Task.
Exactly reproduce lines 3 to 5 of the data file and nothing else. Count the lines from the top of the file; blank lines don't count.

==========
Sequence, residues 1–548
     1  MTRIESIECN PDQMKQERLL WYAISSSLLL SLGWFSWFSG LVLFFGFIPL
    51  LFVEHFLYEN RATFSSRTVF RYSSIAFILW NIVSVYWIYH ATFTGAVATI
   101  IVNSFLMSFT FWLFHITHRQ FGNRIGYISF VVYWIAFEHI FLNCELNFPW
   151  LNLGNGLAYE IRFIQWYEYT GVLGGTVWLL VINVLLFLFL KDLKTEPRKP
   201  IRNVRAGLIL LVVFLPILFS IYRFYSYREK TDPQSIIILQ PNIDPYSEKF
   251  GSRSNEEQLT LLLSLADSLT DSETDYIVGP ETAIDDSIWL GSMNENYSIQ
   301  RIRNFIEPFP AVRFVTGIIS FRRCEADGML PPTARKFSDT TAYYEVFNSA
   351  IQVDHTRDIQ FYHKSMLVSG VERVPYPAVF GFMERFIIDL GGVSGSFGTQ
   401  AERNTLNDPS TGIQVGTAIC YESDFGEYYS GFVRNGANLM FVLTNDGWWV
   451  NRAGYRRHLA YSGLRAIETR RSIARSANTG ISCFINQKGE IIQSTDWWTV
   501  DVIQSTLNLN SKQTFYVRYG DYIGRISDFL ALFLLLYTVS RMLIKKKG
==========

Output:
    51  LFVEHFLYEN RATFSSRTVF RYSSIAFILW NIVSVYWIYH ATFTGAVATI
   101  IVNSFLMSFT FWLFHITHRQ FGNRIGYISF VVYWIAFEHI FLNCELNFPW
   151  LNLGNGLAYE IRFIQWYEYT GVLGGTVWLL VINVLLFLFL KDLKTEPRKP